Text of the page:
Professor Gille notes that the Southern Ocean "is a very climatically sensitive region." It is at one end of the conveyor-belt circulations that carry heat poleward in upper-level currents and return cold water equaterward at great depths - a key part of the system that maintains Earth's present climate. Any change in Antarctic waters could directly affect circulations in the Atlantic, Indian, and Pacific Oceans.

The cold surface current that girdles Antarctica is a fixture of the Southern Ocean. It may already have been affected. Gille, who reports her findings in the Feb. 15 issue of the journal Science, says her study suggests that this current has moved closer to the polar continent as the mid-depth water has warmed.

Much of Gille's data was gathered by ships. However, free-floating robots also sent important information as part of the international World Ocean Circulation Experiment in the 1990s. The robots sink to a preset depth and drift with currents for 10 to 25 days. Then they bob to the surface to transmit data. Gille's analysis found that the mid-depth water had warmed 0.17 degrees C since 1950 - nearly double the global trend for ocean warming.

Gille's finding adds more complexity to the Antarctic climate puzzle in which changes are showing up in unexpected, even contradictory ways. Last month, for example, a research team reported that lakes on Signy Island off Antarctica have warmed by three to four times the global average air temperature rise. At the same time, another team reported that dry valleys on the continent itself are cooling. Likewise, a team reported in December that radar measurements show several West Antarctic glaciers are thinning rapidly. Yet, in January, another team reported that other West Antarctic ice streams are growing thicker.
Dinosaur Discoveries Wow Boston

By Jonathan Amos
BBC News

Boston February 18, 2002 (BBC) - Sensational fossil discoveries were unveiled on Monday, including the most primitive wishbone yet found in a dinosaur. Also presented was an exquisite skull from a tiny crocodile that could help provide vital new evidence on when the landmasses of Africa and South America split to take up their current positions on the planet's surface.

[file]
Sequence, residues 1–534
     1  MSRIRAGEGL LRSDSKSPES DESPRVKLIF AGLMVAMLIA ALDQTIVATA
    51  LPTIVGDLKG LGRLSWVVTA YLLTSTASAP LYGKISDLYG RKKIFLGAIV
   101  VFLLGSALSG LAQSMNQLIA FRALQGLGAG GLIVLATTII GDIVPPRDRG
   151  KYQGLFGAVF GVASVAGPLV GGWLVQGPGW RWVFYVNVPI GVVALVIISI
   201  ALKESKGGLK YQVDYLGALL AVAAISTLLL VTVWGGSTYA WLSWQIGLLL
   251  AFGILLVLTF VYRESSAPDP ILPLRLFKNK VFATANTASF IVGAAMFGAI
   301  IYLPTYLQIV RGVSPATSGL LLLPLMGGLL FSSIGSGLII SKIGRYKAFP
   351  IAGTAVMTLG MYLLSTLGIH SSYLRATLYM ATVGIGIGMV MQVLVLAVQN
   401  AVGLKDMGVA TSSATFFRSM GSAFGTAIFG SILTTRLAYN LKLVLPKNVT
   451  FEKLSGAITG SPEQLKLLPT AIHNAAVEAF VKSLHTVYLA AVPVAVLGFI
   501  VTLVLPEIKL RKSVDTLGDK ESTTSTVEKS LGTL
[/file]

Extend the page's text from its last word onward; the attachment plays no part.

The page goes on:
The finds were described by Paul Sereno, one of the world's leading dino hunters, at the annual meeting of the American Association for the Advancement of Science in Boston. Dr Sereno, from the University of Chicago, told the meeting that science was on the cusp of a new era in dinosaur discovery. He said Africa, in particular, would soon yield extraordinary specimens that would enable scientists to explain more fully how these great beasts evolved. 

The wishbone, or furcula, is significant because it informs the debate on whether birds evolved from dinosaurs; until recently the V-shaped bone was thought to be a unique feature in birds. The fossil furcula shown off by Dr Sereno was part of the skeleton of an 11-metre-long predator known as a spinosaur. Although the 110-million-year-old wishbone is not the oldest known to science, the creature from which it came had a very deep lineage.

"There is an allosaur furcula that is 150 million years old but this is from the chest of an animal with a more ancient origin. We are trying to nail down when the wishbone as fused clavicles first appeared in theropod (bipedal meat-eaters) evolution. So, this new furcula is now the most primitive one ever found. That's not to say that spinosaurs are closely related to birds; the wishbone, like many other adaptations, had nothing to do with flight in its original role. Only later did it become a flexible spring between the shoulder blades of flying birds - a totally different role." 

The spinosaur was uncovered in Niger, Africa, on what Dr Sereno said was an amazing expedition which brought away 20 tons of fossils and rock. The specimen was found within 80 kilometers of the site of the dwarf crocodile skull also displayed at the AAAS meeting. 

This fossil came from a 60-centimetre-long animal that has yet to receive a formal classification but which has been dubbed the "duck croc" because of its unusual jaws. 

"It has a muzzle that looks like a duck," Dr Sereno said. "It's very broad but the upper jaw hangs over the lower jaw, so viewed from the side you don't even see the lower jaw. There's no interaction between the teeth at all." 

Dr Sereno thinks this arrangement may have enabled the animal to catch specific kinds of prey, "such as a frog or a type of fish". Other features suggest it spent more time out of the water than it. "I think it was more land-adapted - living on the bank, catching frogs." 

Dr Sereno said the 110-million-old skull and other finds from Africa and South America could upset current views on how the once giant super continent of Gondwanaland broke apart many millions of years ago. He said there was a big argument over whether Africa split first, meaning South American animals and plants were more closely related to fauna in India, Madagascar and Antarctica. 

"I think we're going to overturn that now with some of the evidence we have dug up," he said. "It's going to show that Africa and South America were very closely related up to about 90 million years ago."